Wright on Daniel 7
Wright’s understanding of the “one like a son of man” eschews any literal socio-historical connection or ontological speculation (i.e., metaphysical representation.) He argues that just as the monsters represent (in the literary sense) enemy nations, so the “one like a son of man” should be understood in a literary fashion. This literary representation is key for Wright’s interpretation. Following Morna Hooker, Wright notes that this symbol is “pregnant with the meaning of Genesis 2, evoking the idea of the people of God as the true humanity and the pagan nations as the animals.”  According to Wright, a first century Jew would have seen in Daniel 7 the human figure representing Israel (son of man/true humanity) who after suffering at the hands of pagans (animals/false humanity) is about to be vindicated.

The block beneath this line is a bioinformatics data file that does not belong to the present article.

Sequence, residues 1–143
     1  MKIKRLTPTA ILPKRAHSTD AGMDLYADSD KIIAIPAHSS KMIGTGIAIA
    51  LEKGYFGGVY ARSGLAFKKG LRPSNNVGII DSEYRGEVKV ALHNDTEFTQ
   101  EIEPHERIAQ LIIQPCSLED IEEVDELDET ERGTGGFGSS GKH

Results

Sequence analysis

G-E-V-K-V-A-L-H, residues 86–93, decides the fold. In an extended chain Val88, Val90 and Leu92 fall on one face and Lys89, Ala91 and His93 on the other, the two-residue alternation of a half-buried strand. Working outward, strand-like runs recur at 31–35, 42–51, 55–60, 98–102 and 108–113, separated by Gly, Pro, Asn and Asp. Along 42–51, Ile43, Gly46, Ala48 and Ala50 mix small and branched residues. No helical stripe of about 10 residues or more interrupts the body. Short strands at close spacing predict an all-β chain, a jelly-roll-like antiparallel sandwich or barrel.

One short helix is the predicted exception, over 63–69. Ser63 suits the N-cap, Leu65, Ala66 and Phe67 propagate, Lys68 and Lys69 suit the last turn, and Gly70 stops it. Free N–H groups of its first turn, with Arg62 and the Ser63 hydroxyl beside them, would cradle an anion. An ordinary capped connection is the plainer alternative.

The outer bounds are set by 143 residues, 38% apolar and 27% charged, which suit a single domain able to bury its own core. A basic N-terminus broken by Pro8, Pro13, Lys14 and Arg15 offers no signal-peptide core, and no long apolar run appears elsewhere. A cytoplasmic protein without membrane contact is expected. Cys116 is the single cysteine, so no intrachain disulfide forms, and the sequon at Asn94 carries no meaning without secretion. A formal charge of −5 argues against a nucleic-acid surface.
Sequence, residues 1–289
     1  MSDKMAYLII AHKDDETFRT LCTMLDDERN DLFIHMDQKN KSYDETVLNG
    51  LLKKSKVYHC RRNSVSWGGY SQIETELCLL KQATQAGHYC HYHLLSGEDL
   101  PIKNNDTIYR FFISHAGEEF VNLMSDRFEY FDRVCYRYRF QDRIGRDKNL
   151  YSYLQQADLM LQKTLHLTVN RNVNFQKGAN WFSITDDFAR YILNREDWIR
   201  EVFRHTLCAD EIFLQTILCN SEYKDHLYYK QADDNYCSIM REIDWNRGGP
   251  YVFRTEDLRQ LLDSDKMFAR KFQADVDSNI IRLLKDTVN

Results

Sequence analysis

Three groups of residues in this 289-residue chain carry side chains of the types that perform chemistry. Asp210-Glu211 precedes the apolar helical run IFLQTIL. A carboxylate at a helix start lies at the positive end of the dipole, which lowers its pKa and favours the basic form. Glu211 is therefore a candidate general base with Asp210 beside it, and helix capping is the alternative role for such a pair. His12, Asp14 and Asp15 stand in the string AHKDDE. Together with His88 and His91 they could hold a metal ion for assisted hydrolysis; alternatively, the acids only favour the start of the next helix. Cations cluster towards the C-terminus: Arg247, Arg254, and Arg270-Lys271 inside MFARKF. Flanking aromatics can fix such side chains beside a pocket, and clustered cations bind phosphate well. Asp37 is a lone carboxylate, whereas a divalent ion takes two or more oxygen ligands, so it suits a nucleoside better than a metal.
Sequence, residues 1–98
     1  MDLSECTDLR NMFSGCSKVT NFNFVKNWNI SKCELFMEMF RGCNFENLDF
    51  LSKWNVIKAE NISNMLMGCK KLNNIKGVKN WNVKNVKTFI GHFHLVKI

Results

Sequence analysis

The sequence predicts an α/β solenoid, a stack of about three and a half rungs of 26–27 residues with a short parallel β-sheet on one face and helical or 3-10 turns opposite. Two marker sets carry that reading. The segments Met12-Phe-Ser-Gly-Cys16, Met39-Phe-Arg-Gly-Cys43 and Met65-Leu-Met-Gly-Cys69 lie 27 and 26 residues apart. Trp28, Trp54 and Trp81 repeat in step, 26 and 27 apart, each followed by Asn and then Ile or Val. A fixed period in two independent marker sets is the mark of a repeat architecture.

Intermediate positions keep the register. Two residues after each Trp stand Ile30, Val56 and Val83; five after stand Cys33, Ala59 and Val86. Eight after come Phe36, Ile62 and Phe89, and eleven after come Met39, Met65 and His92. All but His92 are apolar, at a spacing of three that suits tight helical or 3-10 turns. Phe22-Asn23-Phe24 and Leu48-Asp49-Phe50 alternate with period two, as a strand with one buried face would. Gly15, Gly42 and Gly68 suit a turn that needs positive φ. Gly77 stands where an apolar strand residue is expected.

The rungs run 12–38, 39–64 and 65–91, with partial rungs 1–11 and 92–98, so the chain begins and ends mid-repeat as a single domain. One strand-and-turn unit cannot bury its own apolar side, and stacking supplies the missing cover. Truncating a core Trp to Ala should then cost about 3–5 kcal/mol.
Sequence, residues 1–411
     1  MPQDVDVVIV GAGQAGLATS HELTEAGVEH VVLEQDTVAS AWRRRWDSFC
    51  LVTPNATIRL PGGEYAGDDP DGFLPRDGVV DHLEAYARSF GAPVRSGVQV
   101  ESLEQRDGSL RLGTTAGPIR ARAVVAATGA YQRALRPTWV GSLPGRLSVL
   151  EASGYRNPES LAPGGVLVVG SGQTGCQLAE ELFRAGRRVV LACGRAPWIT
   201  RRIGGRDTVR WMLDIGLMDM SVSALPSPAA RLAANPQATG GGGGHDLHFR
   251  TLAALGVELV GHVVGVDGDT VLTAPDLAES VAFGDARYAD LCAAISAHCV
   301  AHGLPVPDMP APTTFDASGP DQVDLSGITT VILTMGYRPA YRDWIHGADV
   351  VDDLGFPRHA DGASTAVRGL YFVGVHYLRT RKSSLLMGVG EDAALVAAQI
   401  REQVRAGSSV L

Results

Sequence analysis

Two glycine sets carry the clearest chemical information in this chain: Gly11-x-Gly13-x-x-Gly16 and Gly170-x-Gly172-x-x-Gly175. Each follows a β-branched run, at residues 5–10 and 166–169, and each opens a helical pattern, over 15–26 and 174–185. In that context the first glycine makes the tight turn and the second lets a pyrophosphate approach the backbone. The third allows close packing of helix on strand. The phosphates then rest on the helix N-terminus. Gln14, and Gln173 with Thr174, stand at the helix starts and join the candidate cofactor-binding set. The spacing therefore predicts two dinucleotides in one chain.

On the surface then, Daniel 7 shows us that the “son of man” is not trying to denote a transcendent heavenly figure or angel or literal historical figure, but rather as literary representation.
So in the final analysis, the “one like a son of man” is the one who represents the saints of the most high and who is promised vindication. Son of man is a title loaded with the hope of victory, vindication and dominion. So when Jesus uses this title to refer to himself he is not announcing that he is divine (though he is), or that he will literally float on a cloud, but rather, he is cryptically announcing that the Ancient of Days will surely vindicate his cause.
 New Testament and People of God, Page 296